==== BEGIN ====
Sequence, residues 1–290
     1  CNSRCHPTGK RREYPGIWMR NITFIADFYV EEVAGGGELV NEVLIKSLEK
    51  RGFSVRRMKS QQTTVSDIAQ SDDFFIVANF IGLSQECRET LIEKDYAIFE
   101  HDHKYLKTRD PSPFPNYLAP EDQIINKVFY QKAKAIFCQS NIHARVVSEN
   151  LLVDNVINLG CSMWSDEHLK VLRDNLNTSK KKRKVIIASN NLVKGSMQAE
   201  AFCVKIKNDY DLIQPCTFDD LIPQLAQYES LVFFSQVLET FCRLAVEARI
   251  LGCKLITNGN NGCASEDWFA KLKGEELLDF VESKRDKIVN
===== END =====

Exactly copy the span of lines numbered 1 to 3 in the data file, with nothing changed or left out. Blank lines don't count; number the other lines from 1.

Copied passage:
Sequence, residues 1–290
     1  CNSRCHPTGK RREYPGIWMR NITFIADFYV EEVAGGGELV NEVLIKSLEK
    51  RGFSVRRMKS QQTTVSDIAQ SDDFFIVANF IGLSQECRET LIEKDYAIFE